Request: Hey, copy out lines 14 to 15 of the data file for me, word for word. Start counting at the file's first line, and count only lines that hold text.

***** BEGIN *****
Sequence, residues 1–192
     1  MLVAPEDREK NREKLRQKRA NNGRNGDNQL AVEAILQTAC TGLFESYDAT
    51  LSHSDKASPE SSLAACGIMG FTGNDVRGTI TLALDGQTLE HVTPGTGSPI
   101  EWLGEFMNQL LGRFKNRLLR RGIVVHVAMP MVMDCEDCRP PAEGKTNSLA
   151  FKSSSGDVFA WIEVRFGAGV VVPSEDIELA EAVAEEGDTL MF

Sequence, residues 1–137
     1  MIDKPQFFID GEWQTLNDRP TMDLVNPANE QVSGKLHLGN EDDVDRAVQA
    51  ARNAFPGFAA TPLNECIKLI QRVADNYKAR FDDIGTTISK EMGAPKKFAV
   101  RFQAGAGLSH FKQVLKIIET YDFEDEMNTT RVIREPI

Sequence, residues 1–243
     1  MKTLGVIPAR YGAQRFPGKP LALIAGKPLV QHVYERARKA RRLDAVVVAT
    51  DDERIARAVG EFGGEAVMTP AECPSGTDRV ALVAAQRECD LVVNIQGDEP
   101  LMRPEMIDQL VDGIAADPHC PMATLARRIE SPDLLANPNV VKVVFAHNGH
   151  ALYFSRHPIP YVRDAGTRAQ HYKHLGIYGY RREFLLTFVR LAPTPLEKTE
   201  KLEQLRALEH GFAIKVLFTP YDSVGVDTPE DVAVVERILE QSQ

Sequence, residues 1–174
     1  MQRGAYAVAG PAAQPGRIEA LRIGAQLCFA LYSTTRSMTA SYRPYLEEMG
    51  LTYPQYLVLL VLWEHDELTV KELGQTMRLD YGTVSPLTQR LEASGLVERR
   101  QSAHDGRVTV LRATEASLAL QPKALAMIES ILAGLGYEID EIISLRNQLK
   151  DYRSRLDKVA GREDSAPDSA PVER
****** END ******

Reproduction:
   151  ALYFSRHPIP YVRDAGTRAQ HYKHLGIYGY RREFLLTFVR LAPTPLEKTE
   201  KLEQLRALEH GFAIKVLFTP YDSVGVDTPE DVAVVERILE QSQ